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Things you need to know about bovine serum albumin.

2019-03-25 来源:亚科官网
Bovine serum albumin is one of the most commonly used proteins in biochemical laboratories, and in experiments it may be overlooked because it is too common and too mundane. Bovine serum albumin (BSA), also known as the fifth component, is a globulin in bovine serum containing 583 amino acid residues with a molecular weight of 66.430 kDa and an isoelectric point of 4.7. Bovine serum albumin is widely used in biochemical experiments, for example as a blocking agent in western blot.
Structural characteristics of bovine serum albumin
The bovine serum albumin precursor protein is 607 amino acids in length. The precursor protein removes 18 signal peptides from the N-terminus and 6 propeptides to form a mature BSA protein of 583 amino acids with a molecular weight of approximately 66.5 kDa. The surface of BSA contains a large amount of acidic and basic amino acids. Among them, there are 40 and 59 acidic amino acids glutamic acid and aspartic acid, respectively, and 59 and 23 basic amino acids lysine and arginine. In addition, BSA has 35 cysteines, forming 17 pairs of disulfide bonds and a free sulfhydryl group.
Application of bovine serum albumin
1. Maintain the stability of protein
When the protein is under "pressure" conditions, such as heating, ultraviolet irradiation, oxidation, shearing force, etc., the spatial folding of the protein tends to spread, resulting in the exposure of internal hydrophobic sites, amorphous aggregation or formation of highly structured amyloid. Protein, which loses its biological activity. BSA has good thermal stability, and its spatial structure changes are still reversible when the temperature rises to 65 degrees. Another feature of BSA is its ability to form reversible bonds with many substances, especially poorly water-soluble substances such as fatty acids, heme, bilirubin, negatively charged aromatic compounds, etc., which increase its water solubility. Therefore, BSA is an ideal protein protectant. When a protein such as an enzyme or an antibody undergoes a spatial structural change, BSA can reversibly bind to it to form a stable, soluble polymer complex, preventing amorphous aggregation of the protein. In addition, the BSA in the solution can bind to the surface of the container, preventing the protein from being adsorbed on the surface of the container and decreasing in concentration.
As Chang et al. 1995 found, the stability of proteins is determined by the hydrophobicity of the protein surface. When the temperature rises, the hydrophobic site of the enzyme is exposed, and the BSA in the solution binds to the hydrophobic region of the enzyme, thereby maintaining the water solubility of the enzyme, preventing aggregation, and effectively improving the thermal stability of the enzyme. Moreover, the more hydrophobic the protective protein, the stronger the protective effect on the enzyme.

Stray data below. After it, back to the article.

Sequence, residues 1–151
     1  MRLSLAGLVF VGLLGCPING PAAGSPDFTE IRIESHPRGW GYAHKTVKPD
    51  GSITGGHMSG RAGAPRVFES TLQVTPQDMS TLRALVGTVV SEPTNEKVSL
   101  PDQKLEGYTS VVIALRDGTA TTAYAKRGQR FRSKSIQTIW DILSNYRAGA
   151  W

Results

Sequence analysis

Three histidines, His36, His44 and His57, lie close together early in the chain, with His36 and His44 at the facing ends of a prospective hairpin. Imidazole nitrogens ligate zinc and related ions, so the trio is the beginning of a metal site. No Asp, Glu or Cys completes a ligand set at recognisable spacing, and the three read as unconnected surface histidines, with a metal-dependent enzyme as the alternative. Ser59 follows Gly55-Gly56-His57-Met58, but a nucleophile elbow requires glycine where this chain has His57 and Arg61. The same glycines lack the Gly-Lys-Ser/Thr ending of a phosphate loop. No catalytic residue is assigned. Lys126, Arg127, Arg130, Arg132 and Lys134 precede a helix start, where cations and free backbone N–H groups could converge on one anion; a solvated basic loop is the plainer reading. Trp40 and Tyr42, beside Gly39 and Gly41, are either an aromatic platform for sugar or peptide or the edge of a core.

2. Solid phase blocking protein in immunoassay
During the immunoassay, the antibody needs to be immobilized on a solid surface such as a microplate, magnetic particles, polystyrene microspheres or a nitrocellulose membrane surface. Since the protein is a viscous molecule, the heteroprotein in the sample will non-specifically bind to the hydrophobic site on the surface of the solid phase during the detection process, causing background interference. Therefore, it is necessary to block the excess sites on the surface of the solid phase with a blocking agent. Commonly used blocking agents, such as BSA, casein, gelatin, etc., can be adsorbed on the surface of the solid phase to prevent non-specificity of the antibody or antigen and the surface of the solid phase. Combine to reduce the detection background and improve sensitivity.
BSA is a globulin with a molecular weight of about 66.5 kDa, a large amount of amino and carboxyl residues on the surface, and a spatial structure of BSA that changes with temperature, pH, and salt concentration. As a common blocking protein, BSA is ideal for binding to hydrophilic surfaces, hydrophobic surfaces, and activated covalently bonded surfaces, such as activated carboxyl groups, amino groups, epoxy groups, tosyl groups, etc., to inhibit non-specific adsorption.
The surface of BSA contains a large number of carboxyl groups and amino groups, which can be used for the binding of active groups on the surface to block excess sites. The most common application is the application of chemiluminescent immunomagnetic beads-conjugated antibodies. If the carboxyl surface magnetic beads are activated by EDC, they can react with the amino groups on the surface of the antibody to covalently bind the antibody to the surface of the magnetic beads. This process requires the blocking of excess activated carboxyl sites. The BSA molecule is smaller in size and can enter the gap between the surface antibodies, and because the surface contains a large amount of amino groups, it reacts with the activated carboxyl groups to block the excess active sites. At the same time, the surface of BSA contains a large amount of carboxyl groups, which can also improve the hydrophilicity of the magnetic beads. In addition, the surface of BSA contains certain amino acid hydrophobic residues, such as alanine, leucine, etc., and can also block the hydrophobic sites on the surface.
It is worth noting that Larsericsdotter et al. found that BSA is more compact in the phosphate solution on the solid surface and the structure is more stable. This is because phosphate binds to glycine and arginine on BSA, which eliminates structural electrostatic repulsion. Therefore, BSA is more stable in phosphate buffer and has higher binding efficiency on the solid surface.
Related links: Bovine serum albumin
Edited by Suzhou Yacoo Science Co., Ltd.

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